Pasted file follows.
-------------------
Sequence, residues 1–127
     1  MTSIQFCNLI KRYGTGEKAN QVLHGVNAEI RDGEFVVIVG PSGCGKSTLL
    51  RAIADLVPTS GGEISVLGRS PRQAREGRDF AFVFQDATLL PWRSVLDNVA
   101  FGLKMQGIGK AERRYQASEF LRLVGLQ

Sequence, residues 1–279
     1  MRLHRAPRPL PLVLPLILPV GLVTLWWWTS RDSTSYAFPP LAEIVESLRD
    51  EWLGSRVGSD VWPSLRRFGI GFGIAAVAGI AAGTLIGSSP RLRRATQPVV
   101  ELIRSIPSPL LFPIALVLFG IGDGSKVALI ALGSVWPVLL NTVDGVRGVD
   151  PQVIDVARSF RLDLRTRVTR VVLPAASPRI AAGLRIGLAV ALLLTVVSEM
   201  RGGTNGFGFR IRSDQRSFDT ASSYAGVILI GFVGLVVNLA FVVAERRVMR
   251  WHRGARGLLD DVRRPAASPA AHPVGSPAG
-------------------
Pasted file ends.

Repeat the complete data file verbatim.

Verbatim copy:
Sequence, residues 1–127
     1  MTSIQFCNLI KRYGTGEKAN QVLHGVNAEI RDGEFVVIVG PSGCGKSTLL
    51  RAIADLVPTS GGEISVLGRS PRQAREGRDF AFVFQDATLL PWRSVLDNVA
   101  FGLKMQGIGK AERRYQASEF LRLVGLQ

Sequence, residues 1–279
     1  MRLHRAPRPL PLVLPLILPV GLVTLWWWTS RDSTSYAFPP LAEIVESLRD
    51  EWLGSRVGSD VWPSLRRFGI GFGIAAVAGI AAGTLIGSSP RLRRATQPVV
   101  ELIRSIPSPL LFPIALVLFG IGDGSKVALI ALGSVWPVLL NTVDGVRGVD
   151  PQVIDVARSF RLDLRTRVTR VVLPAASPRI AAGLRIGLAV ALLLTVVSEM
   201  RGGTNGFGFR IRSDQRSFDT ASSYAGVILI GFVGLVVNLA FVVAERRVMR
   251  WHRGARGLLD DVRRPAASPA AHPVGSPAG